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Indian doctors save father-of-two by transplanting liver for a second time

South China Morning Post logo South China Morning Post 14/10/2021 Amrit Dhillon
Dr Subhash Gupta and Anil Kashyap after the landmark liver transplant. Photo: Handout Dr Subhash Gupta and Anil Kashyap after the landmark liver transplant. Photo: Handout

The proud new owner of a third-hand liver says he's "feeling good and hoping for a full recovery" following a landmark surgical procedure by doctors in the Indian capital.

Doctors at the Max Hospital in Saket, New Delhi, saved the life of Anil Kashyap when they performed a liver transplant on the father-of-two on October 6.

But this was no ordinary transplant - and no ordinary liver. In an incredibly rare procedure, doctors used an organ that had previously been transplanted into another patient - one who had died at another hospital in the capital after his body rejected it.

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After the death of the first patient, an alert went out to hospitals across the capital that the man's organs were available for donation, including the already once-transplanted liver.

However, initially there were no takers.

"Patients feared (the liver) might be defective, they worried that the first transplant patient would have already been in intensive care for over a week and caught infections, and they feared an already rejected liver might be rejected again," explained Dr Subhash Gupta, chairman of liver transplant and biliary sciences at Max Hospital.

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Out of 21 patients awaiting a liver transplant at Max, 20 declined, despite belonging to the relevant blood group.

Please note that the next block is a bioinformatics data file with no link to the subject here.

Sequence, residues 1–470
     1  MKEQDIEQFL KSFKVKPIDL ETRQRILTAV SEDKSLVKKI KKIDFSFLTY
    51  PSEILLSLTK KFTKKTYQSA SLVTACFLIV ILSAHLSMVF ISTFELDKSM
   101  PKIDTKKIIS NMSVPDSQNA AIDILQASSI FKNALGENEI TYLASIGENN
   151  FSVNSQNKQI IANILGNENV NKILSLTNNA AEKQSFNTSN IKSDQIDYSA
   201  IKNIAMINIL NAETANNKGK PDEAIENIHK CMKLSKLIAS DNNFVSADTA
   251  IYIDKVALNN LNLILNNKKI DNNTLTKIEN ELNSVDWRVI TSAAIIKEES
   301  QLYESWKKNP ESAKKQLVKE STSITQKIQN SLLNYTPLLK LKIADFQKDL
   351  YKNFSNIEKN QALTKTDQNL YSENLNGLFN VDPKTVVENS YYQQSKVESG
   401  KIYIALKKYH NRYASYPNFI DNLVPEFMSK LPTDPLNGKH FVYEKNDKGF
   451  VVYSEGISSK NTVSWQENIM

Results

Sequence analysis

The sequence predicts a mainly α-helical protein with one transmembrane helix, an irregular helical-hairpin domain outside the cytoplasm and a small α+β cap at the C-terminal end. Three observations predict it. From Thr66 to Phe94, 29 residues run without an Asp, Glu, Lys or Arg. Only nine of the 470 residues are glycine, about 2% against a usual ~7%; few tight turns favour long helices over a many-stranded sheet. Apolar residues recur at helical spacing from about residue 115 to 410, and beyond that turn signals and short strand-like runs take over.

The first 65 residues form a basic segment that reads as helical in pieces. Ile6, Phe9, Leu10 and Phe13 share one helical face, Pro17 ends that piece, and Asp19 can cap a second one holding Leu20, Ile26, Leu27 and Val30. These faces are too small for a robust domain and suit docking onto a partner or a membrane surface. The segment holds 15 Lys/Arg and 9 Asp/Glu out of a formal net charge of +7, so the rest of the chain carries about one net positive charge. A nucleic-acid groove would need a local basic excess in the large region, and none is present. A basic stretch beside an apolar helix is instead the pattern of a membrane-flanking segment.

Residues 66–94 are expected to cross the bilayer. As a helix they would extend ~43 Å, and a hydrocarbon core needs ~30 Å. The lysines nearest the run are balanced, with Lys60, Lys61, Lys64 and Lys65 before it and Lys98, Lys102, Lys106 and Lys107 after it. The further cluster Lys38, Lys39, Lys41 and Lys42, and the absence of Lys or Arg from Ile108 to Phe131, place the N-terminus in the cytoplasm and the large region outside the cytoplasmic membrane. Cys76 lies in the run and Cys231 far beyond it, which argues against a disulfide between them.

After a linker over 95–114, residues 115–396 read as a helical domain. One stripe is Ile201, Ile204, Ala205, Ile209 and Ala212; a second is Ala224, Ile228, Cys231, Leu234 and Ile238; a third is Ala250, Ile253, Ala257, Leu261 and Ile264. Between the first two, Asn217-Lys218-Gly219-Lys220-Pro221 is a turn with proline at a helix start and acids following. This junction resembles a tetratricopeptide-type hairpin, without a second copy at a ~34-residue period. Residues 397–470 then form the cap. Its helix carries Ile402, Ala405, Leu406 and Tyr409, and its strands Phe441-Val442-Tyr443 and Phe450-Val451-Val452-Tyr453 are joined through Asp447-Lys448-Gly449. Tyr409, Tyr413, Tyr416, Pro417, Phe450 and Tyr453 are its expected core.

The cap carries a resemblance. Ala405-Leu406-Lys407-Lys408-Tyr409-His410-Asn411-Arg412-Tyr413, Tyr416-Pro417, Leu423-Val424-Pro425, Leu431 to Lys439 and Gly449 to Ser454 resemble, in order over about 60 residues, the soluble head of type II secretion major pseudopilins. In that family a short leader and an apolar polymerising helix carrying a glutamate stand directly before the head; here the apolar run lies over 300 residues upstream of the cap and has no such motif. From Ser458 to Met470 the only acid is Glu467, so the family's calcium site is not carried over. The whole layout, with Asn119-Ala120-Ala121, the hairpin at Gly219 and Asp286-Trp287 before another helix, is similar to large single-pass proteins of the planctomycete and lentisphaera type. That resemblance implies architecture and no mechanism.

Only Kashyap, a software engineer who works for the Indian government, was willing to take the chance. After two years of battling liver failure, Kashyap's condition was critical and there was no potential donor in his family.

Dr Gupta and his team then went to inspect the liver. "We checked the medical records to make sure the right drugs had been used in the first transplant, we checked the blood culture and because it all looked good, we went ahead," Dr Gupta recalled.

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As time was of the essence as soon as they had established the liver was in good condition, Dr Gupta's team began removing Kashyap's diseased organ to get him ready for the transplant. Within three hours, the liver had arrived at Max Hospital and the transplant could proceed.

A previously transplanted liver carries a higher risk of rejection, so the next few days will be crucial to Kashyap's recovery. He is already off the ventilator and able to walk in his room.

Kashyap said he had no qualms about the liver.

"I had been running around up and down the country for two years before I finally came to Dr Gupta. I desperately needed a liver and the only issue was that it should be a good quality liver, that's all, not that it had already been used for an earlier transplant," said Kashyap, 55.

"I am feeling good and am hoping for a full recovery," he added.

Dr Gupta was cautiously optimistic. "We have done a liver biopsy and put him on steroids and are happy with his progress. He is doing well and should be all right."

An estimated 50,000 Indians need a liver transplant every year but only 800-1,000 transplants are performed during the same period owing to the shortage of cadaveric donors.

Dr Gupta said transplanting a liver for a second time was almost unheard of. "I've been in this business for 30 years and have heard of only very, very rare cases," he said.

This article originally appeared on the South China Morning Post (www.scmp.com), the leading news media reporting on China and Asia.

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